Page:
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Business broadband “isn’t up to speed”

Business broadband “isn’t up to speed”

Category: Business Broadband

Updated: 14/07/2014
First Published: 14/07/2014

This article was correct at the time of publication. It is now over 6 months old so the content may be out of date.

We live in a distinctly digitised world these days. Everyday tasks are becoming increasingly dependent on the likes of internet connections and smartphone apps, and trying to run a business without this kind of technology will soon be pretty much impossible. That's why it's so surprising that a lot of smaller companies are coping without high speed broadband – and it's why the Federation of Small Businesses (FSB) is calling for action.

Research from the FSB has found that an estimated 45,000 firms are still on outdated dial-up systems, while many more are struggling with speeds of less than 2Mbps – almost impossible for a lot of people to consider. "It is clear that while the residential market may be seeing the benefits of high speed broadband, this is often not the case for the business community," said the FSB's release, and is why the FSB has asked the Government to adopt a more ambitious target for rolling out high speed internet to UK businesses.

As it stands, the Government has a target of 24Mbps for 95% of the population and 2Mbps for the remaining 5%. However, there are concerns that this won't meet the demands of UK businesses – particularly with 94% of small firms surveyed saying that a reliable internet connection is critical to the success of their business. A lot of businesses still have difficulty sending digital invoices, uploading large files or communicating with clients online, even in areas where households have high speed broadband, so in order to help ensure the continued growth of UK SMEs it's important that this area is addressed.

John Allan, National Chairman of the FSB, commented:

"The fact that we have around 45,000 businesses still on dial-up is unacceptable and many more throughout the country, even in London, are receiving poor service. Evidence from our members shows this clearly is a problem affecting all corners of the UK, rural areas and cities alike. While progress has been made with the residential market, businesses have not enjoyed the same benefits, which is holding back their growth. We therefore want to see the UK Government show ambition with its broadband targets and put business needs at their centre."

The FSB surveyed its members to find out what they wanted from the Government and its internet promises. To summarise, their members want:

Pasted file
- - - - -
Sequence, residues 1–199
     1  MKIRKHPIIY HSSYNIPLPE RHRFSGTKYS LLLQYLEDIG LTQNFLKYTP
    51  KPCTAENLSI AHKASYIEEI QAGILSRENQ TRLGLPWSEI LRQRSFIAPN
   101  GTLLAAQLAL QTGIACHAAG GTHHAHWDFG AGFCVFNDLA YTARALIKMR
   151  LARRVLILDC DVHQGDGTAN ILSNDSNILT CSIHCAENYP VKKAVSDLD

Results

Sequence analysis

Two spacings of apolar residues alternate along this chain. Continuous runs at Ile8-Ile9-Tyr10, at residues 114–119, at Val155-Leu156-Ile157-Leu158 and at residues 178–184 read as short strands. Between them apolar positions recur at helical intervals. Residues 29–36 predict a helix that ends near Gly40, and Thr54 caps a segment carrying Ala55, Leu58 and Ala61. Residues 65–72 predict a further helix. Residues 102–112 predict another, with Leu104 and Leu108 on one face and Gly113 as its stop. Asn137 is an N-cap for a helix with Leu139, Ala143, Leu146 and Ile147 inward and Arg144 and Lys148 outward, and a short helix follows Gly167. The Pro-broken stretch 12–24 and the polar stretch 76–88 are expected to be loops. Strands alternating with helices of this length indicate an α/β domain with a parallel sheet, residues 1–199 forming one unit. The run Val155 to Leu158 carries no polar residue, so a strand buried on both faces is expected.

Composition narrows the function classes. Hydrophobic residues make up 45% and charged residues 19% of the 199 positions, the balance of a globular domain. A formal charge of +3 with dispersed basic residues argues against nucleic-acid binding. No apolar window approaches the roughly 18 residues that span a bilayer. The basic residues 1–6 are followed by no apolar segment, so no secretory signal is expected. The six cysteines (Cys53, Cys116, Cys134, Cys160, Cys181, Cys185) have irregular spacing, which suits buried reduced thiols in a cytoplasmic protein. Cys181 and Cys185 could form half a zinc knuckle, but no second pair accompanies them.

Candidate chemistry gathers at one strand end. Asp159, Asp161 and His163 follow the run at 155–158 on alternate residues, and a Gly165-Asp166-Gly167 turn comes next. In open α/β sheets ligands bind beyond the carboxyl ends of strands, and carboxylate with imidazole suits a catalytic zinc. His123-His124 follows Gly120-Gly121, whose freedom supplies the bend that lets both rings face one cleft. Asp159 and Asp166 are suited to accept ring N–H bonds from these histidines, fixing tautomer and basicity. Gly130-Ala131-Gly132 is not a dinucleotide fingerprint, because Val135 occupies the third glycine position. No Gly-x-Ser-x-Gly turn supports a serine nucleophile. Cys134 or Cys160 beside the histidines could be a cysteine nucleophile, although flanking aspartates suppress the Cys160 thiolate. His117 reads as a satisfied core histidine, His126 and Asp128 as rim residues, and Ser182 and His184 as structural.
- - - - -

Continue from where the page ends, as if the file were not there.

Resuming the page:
• The Government to commit to delivering minimum speeds of 10Mbps for all business premises in the UK, regardless of location, by 2018–19. This compares with the current target of delivering 2Mbps for the hardest to reach 5% by 2017.
  • The Government should set a medium to long-term objective of providing minimum speeds of 100Mbps to all premises by 2030.
  • Business should be at the heart of the rollout of high-speed broadband and should be offered, for example, guaranteed minimum bandwidth levels, reliable connections and affordable prices.
  • The UK's digital infrastructure needs to be "future-proofed".
  • The Government should prioritise the delivery of fibre-optic broadband to business communities, such as retail parks, and ensure that firms located in enterprise zones are fully connected – many are still not.
  • The Competition and Markets Authority (CMA) to conduct, at the request of Ofcom, an assessment into the current market structure, exploring options to boost competition amongst operators and support new entrants into the infrastructure market.

It's hoped that the Government will take on board these suggestions to ensure that all firms have full internet connectivity, and therefore the chance to grow successfully. John Allan concludes:

"Too many of our small firms are held back by the current state of the broadband market in the UK. We want Government to oversee the creation of world-beating digital infrastructure that will enable businesses to grow, innovate and compete in international markets. This means not only raising download speeds but also upload speeds, which are so important and where provision is especially inadequate, otherwise firms' growth ambitions will be blunted."

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